This study investigates the impact of same-language subtitles on the immersion into audiovisual narratives as a function of the viewer's language (native or foreigner). Students from two universities in Australia and one in Spain were assigned randomly to one of two experimental groups, in which they saw a drama with the original English soundtrack either with same-language English subtitles (n=81) or without subtitles (n=92). The sample included an English native control group, and Mandarin Chinese, Korean, and Spanish groups with English as a foreign language. Participants used post-hoc Likert scales to self-report their presence, transportation to the narrative world, perceived realism, identification with the characters, and enjoyment. The main results showed that subtitles did not significantly reduce these measures of immersion. However, subtitles produced higher transportation, identification with the characters, and perceived realism scores, where the first language of viewers and their viewing habits accounted for most of this variance. Moreover, presence and enjoyment were unaffected by either condition or language. Finally, the main results also revealed that transportation to the narrative world appears to be the most revealing measure of immersion in that it shows the strongest and most consistent correlations, and is a significant predictor of enjoyment.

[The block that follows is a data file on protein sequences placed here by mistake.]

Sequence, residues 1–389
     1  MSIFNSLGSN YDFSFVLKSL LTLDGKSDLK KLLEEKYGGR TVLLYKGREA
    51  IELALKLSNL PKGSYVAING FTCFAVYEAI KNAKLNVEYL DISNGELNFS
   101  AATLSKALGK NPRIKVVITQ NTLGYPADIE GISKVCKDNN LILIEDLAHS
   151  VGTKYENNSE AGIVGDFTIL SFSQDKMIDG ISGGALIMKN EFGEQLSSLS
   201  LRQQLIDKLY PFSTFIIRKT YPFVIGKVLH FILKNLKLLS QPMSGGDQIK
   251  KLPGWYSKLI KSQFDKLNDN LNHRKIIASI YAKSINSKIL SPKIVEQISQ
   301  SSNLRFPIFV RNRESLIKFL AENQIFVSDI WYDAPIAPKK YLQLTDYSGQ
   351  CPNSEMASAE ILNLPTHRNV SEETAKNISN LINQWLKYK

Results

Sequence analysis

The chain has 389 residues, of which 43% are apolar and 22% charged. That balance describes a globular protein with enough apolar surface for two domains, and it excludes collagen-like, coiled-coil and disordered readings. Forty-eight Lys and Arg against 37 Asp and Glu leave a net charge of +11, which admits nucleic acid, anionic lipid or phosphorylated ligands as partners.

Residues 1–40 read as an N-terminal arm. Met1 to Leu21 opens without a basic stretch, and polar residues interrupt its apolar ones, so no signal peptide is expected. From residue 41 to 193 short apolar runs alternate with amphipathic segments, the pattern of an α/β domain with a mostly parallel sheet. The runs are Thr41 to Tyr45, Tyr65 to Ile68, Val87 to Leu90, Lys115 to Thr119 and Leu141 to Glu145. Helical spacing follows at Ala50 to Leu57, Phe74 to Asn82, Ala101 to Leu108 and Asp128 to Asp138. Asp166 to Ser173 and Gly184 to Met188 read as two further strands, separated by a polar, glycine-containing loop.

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- Foreign language
- Identification with characters
- Perceived realism